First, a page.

Throat cancer is commonly misdiagnosed as everything from acid reflux disease to tonsillitis — and the disease grows rapidly.
That means that the best protection you have against delayed treatment is to educate yourself about the risk factors and symptoms.
While anyone can actually get throat cancer, there are some people who are more at risk than others:
- People aged 65 and older
- People with a history of chemical exposure
- Heavy drinkers
- People exposed to the human papillomavirus (HPV)
The more risk factors you have, the more reason you have to be concerned if you have symptoms that could be indicative of throat cancer.
It’s important to understand that you don’t have to have all of these symptoms to have cancer. Any of the following problems that remain persistent are a cause for concern:
- Trouble swallowing
- Changes in the quality or timber of your voice
- Unexplained lumps in your neck
- Unexplained weight loss
- Abnormal headaches
- A sore throat
- A chronic cough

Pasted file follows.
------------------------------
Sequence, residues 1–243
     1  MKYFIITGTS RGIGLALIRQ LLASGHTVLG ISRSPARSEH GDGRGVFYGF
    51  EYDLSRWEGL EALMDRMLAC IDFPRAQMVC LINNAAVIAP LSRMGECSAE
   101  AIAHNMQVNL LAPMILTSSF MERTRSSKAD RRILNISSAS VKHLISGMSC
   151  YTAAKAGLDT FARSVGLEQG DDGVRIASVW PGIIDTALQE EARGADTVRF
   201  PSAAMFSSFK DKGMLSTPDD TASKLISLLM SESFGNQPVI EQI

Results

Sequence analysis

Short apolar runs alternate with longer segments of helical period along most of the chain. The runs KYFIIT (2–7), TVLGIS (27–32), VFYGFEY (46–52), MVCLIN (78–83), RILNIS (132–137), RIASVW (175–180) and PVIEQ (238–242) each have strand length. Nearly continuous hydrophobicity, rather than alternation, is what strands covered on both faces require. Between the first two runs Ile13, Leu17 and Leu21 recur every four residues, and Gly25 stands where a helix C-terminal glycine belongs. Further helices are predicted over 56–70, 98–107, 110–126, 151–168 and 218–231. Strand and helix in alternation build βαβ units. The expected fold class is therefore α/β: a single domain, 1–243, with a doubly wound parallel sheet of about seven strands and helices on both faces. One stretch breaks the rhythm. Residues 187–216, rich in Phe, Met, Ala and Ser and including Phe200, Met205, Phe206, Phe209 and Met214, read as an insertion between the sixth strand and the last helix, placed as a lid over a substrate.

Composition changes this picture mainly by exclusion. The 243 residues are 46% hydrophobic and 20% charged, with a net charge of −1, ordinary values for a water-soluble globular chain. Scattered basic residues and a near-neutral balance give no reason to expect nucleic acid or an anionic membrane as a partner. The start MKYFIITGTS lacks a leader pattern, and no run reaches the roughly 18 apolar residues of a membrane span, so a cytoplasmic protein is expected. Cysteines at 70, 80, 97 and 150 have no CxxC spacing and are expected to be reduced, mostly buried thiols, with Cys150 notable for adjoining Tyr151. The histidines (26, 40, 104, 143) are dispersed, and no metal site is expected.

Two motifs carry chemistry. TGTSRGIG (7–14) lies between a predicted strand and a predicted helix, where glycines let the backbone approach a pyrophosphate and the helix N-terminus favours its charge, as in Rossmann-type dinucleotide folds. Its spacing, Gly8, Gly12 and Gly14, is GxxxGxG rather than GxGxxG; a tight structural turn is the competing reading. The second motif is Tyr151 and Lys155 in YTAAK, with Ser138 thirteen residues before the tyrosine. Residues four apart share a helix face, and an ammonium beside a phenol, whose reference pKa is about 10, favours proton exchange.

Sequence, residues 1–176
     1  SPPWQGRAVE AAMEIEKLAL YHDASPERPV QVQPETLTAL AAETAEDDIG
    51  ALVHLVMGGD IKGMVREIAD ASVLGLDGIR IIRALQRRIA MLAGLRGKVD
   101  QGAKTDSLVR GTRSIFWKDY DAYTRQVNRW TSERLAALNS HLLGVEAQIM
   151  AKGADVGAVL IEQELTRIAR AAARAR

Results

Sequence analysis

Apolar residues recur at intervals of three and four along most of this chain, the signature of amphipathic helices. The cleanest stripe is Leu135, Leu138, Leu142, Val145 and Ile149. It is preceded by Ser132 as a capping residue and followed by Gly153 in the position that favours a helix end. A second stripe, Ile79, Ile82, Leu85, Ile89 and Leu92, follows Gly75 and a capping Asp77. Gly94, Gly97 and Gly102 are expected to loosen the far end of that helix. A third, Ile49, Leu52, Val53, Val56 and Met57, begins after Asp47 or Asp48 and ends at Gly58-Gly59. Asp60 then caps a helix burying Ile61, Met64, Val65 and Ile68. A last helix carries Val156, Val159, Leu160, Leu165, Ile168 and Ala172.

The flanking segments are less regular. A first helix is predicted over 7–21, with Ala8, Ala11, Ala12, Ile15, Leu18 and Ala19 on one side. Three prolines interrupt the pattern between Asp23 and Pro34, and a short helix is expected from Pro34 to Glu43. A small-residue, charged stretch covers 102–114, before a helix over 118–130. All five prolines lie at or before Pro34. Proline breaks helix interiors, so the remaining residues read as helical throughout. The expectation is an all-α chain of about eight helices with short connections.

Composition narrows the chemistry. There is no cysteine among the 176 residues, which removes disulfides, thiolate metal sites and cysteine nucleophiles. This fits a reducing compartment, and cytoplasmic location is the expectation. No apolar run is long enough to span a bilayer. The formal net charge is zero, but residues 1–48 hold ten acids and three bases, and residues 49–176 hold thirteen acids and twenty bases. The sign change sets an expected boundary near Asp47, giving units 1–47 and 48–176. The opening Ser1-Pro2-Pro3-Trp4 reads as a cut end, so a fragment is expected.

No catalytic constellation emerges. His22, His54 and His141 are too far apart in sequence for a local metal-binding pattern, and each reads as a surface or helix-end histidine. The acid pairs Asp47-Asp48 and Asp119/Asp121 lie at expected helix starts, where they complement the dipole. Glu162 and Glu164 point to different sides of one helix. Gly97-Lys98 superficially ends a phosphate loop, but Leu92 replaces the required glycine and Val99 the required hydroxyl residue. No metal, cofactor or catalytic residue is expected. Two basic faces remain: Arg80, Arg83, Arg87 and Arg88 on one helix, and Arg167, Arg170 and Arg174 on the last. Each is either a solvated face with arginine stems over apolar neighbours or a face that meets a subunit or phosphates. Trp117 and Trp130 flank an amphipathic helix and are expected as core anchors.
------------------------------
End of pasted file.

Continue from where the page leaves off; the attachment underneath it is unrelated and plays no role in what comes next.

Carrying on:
- Constant earaches
While all of these could be nothing more than a cold — even a lump in your neck could be a swollen gland — make sure you see your doctor if the symptoms last for more than a couple weeks.
The reason that an early, accurate diagnosis of throat cancer is so important is that your chances of long-term survival drastically decrease as the cancer progresses.
For example, your odds of surviving cancer of the glottis (which is the part of your throat that includes the larynx and vocal cords) is 90 percent if the cancer is diagnosed while it’s still in the first stage. If the cancer reaches the second stage, your chances of survival drop to only 74 percent. By the time it reaches the fourth, or final stage, you only have a 44 percent chance of long-term survival.
Anyone who is victimized by a failure to diagnose throat cancer should speak to an attorney about the possibility of a lawsuit. Even if you ultimately survive the cancer, it’s likely that a misdiagnosis will cause you to go through more extensive treatment than you would have needed if the cancer had been caught earlier.
Source: WebMD, “What You Need to Know About Throat Cancer,” accessed July 28, 2017